The New Zealand Prostitution Reform Act 2003 (PRA) is achieving such success in its positive health outcomes because it was designed in consultation with the public, sex workers and sex worker organisations during a three year parliamentary debate. It reflects the nature and scope of sex work. It balances the need’s of the community with the human Rights of sex workers. The Act is designed to (a) safeguard the human rights of sex workers and protect them from exploitation; (b) promote the welfare and occupational health and safety of sex workers: (c) be conducive to public health: (d) prohibit the use in prostitution of persons under 18 years of age; and (e) implement certain other related reforms (cited in NZPC:Law).
Proven harm-minimisation models are being applied by sex worker organisations and healthcare providers throughout Australia and New Zealand (and the rest of the world) with a great deal of success, all-be-it limited under current legislation in heavily regulated/criminalised states in Australia. These same service providers are funded by Government. The overall objective is to reduce the impact of the harm caused to self or other by educating those directly affected in order to raise their awareness of the alternatives that may (or may not) be available to them. Harm-minimisation stems from the belief that people are at various stages of development and as such need to be approached and met at their level of awareness, while being given the tools, support and resources to facilitate a process whereby individuals feel empowered to make better choices for themselves and ultimately the community.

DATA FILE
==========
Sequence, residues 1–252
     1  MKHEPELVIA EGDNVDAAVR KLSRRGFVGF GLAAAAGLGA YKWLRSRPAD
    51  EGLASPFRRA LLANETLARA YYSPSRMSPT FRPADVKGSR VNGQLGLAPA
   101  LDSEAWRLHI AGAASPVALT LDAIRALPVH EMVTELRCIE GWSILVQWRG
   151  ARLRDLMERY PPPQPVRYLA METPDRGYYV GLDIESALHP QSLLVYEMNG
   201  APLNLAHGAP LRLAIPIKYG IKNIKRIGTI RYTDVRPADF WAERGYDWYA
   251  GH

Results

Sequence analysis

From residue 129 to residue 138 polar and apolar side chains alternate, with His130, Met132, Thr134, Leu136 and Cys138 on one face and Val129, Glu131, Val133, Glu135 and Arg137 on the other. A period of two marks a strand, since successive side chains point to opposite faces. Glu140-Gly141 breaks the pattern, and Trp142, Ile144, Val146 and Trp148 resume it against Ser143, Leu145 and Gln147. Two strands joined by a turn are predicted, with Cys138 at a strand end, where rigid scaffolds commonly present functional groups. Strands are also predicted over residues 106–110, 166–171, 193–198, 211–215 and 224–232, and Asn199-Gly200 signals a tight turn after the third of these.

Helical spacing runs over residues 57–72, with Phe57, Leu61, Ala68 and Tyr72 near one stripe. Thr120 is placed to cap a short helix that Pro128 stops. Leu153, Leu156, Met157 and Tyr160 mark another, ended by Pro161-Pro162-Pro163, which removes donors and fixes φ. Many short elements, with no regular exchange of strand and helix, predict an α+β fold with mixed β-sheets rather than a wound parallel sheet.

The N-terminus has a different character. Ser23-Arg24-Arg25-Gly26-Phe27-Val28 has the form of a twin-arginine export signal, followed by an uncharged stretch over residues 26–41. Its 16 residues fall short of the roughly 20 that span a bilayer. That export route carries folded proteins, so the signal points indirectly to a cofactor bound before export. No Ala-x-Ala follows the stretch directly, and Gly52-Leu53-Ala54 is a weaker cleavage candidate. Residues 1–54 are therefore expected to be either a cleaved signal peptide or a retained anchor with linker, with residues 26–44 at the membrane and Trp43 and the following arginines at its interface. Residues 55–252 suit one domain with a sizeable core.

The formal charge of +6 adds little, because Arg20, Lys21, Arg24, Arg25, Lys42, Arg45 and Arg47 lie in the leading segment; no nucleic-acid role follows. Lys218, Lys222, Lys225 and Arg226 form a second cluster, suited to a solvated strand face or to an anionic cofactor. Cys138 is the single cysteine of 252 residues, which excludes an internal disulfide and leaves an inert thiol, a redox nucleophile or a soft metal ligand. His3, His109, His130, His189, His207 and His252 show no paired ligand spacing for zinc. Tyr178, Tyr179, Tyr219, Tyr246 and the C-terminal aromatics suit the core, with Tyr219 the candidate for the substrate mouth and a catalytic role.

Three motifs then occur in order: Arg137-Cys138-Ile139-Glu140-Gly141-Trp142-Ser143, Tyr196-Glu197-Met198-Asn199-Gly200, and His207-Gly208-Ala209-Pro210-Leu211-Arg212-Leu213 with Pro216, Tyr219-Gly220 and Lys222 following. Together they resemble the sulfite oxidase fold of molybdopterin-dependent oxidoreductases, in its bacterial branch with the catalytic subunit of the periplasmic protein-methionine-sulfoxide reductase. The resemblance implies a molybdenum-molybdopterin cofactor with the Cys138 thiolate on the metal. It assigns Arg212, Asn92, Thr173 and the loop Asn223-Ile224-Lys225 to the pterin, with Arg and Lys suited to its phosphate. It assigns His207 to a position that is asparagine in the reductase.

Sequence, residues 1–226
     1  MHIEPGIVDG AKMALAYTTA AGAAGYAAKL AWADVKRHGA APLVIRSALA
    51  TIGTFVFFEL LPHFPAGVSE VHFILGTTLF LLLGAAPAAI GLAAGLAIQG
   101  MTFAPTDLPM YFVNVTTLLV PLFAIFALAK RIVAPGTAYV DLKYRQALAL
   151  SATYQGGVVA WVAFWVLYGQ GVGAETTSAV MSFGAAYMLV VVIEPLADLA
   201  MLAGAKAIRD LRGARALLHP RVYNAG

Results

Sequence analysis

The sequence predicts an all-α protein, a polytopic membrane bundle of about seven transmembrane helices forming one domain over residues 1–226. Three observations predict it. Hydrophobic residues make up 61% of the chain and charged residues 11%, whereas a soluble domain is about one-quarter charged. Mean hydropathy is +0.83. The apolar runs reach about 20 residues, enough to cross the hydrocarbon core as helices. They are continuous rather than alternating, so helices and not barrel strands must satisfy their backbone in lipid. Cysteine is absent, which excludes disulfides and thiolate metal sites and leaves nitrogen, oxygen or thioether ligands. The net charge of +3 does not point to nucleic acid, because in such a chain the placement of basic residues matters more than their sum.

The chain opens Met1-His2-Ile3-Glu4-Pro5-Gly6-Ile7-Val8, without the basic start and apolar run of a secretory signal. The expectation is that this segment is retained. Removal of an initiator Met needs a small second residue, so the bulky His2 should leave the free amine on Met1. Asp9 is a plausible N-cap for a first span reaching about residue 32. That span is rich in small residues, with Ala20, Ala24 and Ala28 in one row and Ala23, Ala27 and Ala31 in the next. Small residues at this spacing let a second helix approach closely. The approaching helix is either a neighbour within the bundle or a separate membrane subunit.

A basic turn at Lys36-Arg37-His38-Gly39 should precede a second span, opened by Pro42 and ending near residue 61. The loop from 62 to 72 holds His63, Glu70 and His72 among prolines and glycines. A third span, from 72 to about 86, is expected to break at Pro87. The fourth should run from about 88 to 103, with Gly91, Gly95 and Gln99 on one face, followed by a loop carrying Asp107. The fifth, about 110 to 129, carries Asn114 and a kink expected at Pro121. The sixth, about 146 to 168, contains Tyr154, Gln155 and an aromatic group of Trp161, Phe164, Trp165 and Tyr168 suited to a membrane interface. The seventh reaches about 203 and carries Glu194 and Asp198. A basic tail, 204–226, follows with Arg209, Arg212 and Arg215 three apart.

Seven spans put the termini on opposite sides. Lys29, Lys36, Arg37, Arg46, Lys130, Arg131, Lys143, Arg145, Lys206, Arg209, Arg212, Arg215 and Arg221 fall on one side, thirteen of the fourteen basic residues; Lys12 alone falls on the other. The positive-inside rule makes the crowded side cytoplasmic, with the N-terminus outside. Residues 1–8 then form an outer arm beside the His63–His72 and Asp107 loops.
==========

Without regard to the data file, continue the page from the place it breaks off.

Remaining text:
There seems to be an entirely false set of mores circulating within Australia that attempts to wrongly link sex workers with violence, drug addiction and paedophilia. Rape is violence and is perpetrated throughout society against women (and men) in every area of society. Only 7% to 17% of brothel and escort sex workers in Australia report ever injecting drugs (Harcourt et al., 2001; Perkins & Lovejoy, 2007; Pyett et al., 1996). The WA report shows a table 3.27 that suggests that drug use in Perth brothels is around the same as rates in the general population (with the exception of much higher rates of tobacco use).
Furthermore, there is absolutely no evidence to link sex workers and paedophilia. Paedophiles do not discriminate between boys and girls and are more often than not, someone we know, who is trusted and has complete access to our children. They do not walk around with a sign around their neck nor do they belong to any one sub-section of society. Sex workers are not a homogeneous group and therefore there are no more issues that are more important to certain sectors of society than others (O’Connor et al., 1996: Plumridge and Abel, 2001).